The taste for soy in Asia, stews in Eastern Europe, and bread and processed food in the United States leads to 1.65 million deaths annually from diseases attributable to excess sodium consumption, a major cause of high blood pressure the world over, according to a study published Thursday in the New England Journal of Medicine. Forty percent of those deaths occurred before age 70, and 84 percent were in low- and middle-income countries.
The death rate, mainly from heart disease and stroke, was lowest in Kenya (four deaths per million adults) and highest in Georgia (1,967 deaths per million).
In 181 of 187 countries for which data was available, adults consume too much sodium, the researchers concluded. Adults in only a handful of African nations — notably Kenya, Cameroon and Gabon — were able to keep their sodium consumption below the recommended level.
Nearly 10 percent of all deaths from cardiovascular causes were attributed to excess sodium intake. “One in 10 is quite large,” said Dariush Mozzafarian, dean of the Friedman School of Nutrition Science and Policy at Tufts University, who led the research. He noted the “enormous rates of stroke in China, Eastern Europe and Central Asia.”
Reduction of sodium intake leads to lower blood pressure and may result in fewer deaths. “What needs to be done is to have a national, coordinated policy” on salt in food for the United States, Mozzafarian said. The U.S. Food and Drug Administration has said it plans to work with the food and beverage industries to voluntarily reduce salt levels, an approach that has shown some success in Britain, Mozzafarian said. Consumers need to “stand up and ask the government to do something about sodium in the food supply.”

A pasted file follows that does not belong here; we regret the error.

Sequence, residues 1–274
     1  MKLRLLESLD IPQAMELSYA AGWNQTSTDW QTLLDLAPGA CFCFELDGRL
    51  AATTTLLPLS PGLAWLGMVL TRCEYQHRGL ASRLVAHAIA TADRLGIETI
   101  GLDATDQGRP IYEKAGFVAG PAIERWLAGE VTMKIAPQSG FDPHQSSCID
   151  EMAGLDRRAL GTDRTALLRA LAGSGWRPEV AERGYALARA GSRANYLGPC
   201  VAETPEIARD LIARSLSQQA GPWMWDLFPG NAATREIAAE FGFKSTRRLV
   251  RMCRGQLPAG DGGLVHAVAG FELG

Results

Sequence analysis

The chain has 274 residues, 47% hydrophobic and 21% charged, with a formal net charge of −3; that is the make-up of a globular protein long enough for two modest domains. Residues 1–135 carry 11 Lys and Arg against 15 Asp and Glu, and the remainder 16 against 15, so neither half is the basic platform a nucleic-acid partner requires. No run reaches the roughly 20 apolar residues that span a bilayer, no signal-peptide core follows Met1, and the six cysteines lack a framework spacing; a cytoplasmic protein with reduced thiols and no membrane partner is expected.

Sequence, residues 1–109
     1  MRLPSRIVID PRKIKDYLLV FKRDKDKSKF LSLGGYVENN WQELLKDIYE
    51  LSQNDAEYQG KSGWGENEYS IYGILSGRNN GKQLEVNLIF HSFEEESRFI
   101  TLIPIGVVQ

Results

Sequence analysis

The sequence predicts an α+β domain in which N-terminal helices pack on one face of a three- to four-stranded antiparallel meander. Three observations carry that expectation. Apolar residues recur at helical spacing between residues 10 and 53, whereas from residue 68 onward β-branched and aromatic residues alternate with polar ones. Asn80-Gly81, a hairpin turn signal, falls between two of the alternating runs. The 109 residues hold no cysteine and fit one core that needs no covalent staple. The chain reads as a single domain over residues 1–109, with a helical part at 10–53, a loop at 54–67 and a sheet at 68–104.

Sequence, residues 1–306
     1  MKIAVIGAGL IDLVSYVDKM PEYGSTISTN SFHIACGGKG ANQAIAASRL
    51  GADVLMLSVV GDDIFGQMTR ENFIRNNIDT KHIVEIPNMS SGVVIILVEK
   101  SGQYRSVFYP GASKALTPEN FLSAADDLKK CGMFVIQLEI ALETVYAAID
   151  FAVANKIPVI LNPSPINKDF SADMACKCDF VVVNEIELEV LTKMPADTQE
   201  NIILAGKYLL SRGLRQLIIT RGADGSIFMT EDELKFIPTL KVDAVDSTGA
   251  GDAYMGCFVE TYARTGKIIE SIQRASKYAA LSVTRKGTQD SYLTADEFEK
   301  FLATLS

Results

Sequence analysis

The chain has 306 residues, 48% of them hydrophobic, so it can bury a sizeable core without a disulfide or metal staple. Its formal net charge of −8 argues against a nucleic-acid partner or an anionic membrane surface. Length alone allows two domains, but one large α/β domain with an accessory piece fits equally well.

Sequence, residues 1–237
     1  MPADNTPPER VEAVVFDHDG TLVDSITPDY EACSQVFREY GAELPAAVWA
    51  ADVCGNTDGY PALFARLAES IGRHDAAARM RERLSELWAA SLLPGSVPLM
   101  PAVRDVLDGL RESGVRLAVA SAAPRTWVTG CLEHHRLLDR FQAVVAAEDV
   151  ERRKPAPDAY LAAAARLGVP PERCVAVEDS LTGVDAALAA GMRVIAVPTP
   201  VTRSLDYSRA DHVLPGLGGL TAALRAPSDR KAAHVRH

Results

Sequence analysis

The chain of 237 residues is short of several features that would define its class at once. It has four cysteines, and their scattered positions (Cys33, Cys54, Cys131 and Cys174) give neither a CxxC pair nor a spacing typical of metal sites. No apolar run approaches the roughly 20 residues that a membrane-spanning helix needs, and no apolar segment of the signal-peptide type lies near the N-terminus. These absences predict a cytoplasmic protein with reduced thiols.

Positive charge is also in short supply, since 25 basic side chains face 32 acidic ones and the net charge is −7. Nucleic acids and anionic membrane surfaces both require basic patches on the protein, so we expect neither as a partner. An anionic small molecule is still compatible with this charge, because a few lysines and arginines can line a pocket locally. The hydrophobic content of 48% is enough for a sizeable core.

In contrast to the recommendations of the WHO, the American Heart Association and other groups, a large study in the same edition of the New England Journal of Medicine reported that consumption of three to six grams of salt a day was associated with “a lower risk of death and cardiovascular events than was either a higher or lower estimated level of intake.”
The study suggested that people who consumed fewer than three grams of sodium daily faced a 27 percent higher risk of death or a heart attack or stroke, underscoring the degree to which the proper amount of salt intake remains a controversial subject.
The Tufts researchers collected information on salt intake in 66 countries that account for 74.1 percent of the world’s adult population and modeled it for the rest. They estimated that regional average sodium consumption ranged from a low of 2.18 grams to a high of 5.51 grams, with the greatest salt consumption in Eastern Europe and Central Asia.